“Killing Eve” recently ended its four-season run, but not everyone was happy with the way the series finale played out.
As an article in Vanity Fair points out, fans were displeased when Villanelle (Jodie Comer) was shot and killed after she and Eve (Sandra Oh) finally ended years of sexual tension by sharing a kiss.
Luke Jennings, author of the Codename Villanelle book trilogy that inspired “Killing Eve”, shared his own disappointment with the ending in an opinion piece he wrote for the Guardian.
“It’s an extraordinary privilege to see your characters brought to life so compellingly,” he wrote. “But the final series ending took me aback.”
While admitting that “you’re never going to love everything the screenwriting team does,” he felt the finale was a betrayal to the fans who had followed the show for four seasons.
“The charged looks, the tears, the lovingly fetishized wounds, the endlessly deferred consummation,” he wrote. “When Phoebe Waller-Bridge [who served as showrunner for the first season] and I first discussed Villanelle’s character five years ago, we agreed that she was defined by what Phoebe called her ‘glory’: her subversiveness, her savage power, her insistence on lovely things. That’s the Villanelle that I wrote, that Phoebe turned into a screen character, and that Jodie ran with so gloriously.”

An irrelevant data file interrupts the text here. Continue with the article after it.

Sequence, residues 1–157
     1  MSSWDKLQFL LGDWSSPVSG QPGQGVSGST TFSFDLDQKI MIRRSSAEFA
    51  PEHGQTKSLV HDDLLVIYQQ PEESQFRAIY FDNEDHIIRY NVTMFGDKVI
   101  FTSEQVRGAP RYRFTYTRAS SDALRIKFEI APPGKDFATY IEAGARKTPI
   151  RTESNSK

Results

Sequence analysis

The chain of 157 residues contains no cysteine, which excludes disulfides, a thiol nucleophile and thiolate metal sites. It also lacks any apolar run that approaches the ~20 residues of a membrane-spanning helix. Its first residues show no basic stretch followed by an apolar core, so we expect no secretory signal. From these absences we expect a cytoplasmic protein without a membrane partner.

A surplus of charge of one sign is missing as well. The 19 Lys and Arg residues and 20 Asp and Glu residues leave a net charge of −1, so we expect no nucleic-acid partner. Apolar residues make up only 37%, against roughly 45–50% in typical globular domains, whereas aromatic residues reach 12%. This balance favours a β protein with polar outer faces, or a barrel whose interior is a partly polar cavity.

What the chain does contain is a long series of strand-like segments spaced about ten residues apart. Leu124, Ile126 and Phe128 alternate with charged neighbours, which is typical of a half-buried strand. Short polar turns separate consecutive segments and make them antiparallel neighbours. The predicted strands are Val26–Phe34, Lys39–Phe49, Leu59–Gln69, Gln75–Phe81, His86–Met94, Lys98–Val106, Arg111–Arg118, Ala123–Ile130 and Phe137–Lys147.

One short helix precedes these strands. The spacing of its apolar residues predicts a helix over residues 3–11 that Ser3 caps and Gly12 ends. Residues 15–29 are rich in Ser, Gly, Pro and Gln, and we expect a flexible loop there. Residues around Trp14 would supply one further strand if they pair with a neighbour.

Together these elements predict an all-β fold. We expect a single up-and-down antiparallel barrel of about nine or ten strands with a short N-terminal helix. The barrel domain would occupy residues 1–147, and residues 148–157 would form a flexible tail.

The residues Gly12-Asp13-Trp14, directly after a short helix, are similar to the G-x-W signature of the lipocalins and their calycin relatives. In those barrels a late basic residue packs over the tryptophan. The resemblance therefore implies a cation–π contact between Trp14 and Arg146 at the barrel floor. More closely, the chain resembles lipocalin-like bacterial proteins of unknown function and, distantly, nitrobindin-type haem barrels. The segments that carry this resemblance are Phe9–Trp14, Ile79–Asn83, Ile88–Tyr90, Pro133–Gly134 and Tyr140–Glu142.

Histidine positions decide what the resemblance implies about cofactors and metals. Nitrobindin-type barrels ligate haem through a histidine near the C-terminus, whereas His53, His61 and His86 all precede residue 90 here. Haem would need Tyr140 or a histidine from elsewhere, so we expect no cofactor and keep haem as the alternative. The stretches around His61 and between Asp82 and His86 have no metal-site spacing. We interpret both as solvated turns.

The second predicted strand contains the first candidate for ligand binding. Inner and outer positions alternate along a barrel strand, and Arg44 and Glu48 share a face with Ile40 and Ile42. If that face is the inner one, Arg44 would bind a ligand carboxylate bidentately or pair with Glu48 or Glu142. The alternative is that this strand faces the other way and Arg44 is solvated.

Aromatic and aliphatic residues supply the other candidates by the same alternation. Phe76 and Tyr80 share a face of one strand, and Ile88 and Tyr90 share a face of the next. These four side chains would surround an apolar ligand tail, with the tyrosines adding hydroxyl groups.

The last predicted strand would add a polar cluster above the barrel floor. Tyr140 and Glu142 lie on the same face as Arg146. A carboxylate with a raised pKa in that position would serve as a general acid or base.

However, he added, “the season 4 ending was a bowing to convention. A punishing of Villanelle and Eve for the bloody, erotically impelled chaos they have caused.”
In Jennings’ view, a “truly subversive storyline would have defied the trope which sees same-sex lovers in TV dramas permitted only the most fleeting of relationships before one of them is killed off.”
“How much more darkly satisfying, and true to ‘Killing Eve’’s original spirit, for the couple to walk off into the sunset together? Spoiler alert, but that’s how it seemed to me when writing the books.”
He concluded by promising fans hadn’t seen the last of those characters, despite what took place in the finale.
“I learned the outcome of the final episode in advance, and suspected, rightly, that fans would be upset,” Jennings wrote. “But to those fans, I would say this: Villanelle lives. And on the page, if not on the screen, she will be back.”